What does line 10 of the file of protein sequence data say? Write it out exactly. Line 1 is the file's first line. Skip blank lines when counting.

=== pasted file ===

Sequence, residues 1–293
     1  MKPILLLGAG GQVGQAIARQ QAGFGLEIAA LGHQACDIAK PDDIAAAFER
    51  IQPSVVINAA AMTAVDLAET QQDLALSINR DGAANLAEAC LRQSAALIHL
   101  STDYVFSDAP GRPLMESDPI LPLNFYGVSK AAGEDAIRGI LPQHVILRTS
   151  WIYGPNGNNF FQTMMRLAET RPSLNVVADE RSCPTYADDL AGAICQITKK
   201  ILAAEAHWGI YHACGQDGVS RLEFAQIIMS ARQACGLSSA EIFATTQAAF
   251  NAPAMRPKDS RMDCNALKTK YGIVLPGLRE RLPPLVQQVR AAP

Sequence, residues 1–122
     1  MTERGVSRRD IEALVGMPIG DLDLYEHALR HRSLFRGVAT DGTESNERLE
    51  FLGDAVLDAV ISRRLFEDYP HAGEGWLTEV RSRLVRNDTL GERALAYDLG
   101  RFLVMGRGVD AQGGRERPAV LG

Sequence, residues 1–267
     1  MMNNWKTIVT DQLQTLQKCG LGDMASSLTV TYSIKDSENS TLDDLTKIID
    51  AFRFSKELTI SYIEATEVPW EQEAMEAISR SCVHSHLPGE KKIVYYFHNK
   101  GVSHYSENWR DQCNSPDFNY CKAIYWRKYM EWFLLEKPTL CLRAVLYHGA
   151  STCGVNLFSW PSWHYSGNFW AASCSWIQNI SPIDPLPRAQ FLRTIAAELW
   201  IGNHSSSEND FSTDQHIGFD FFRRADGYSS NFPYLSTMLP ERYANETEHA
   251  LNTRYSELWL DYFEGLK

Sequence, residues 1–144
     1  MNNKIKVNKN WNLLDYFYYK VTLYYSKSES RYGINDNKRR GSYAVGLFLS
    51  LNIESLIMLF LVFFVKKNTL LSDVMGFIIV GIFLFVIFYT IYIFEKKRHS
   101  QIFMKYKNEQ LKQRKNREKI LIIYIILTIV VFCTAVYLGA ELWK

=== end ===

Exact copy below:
    51  FLGDAVLDAV ISRRLFEDYP HAGEGWLTEV RSRLVRNDTL GERALAYDLG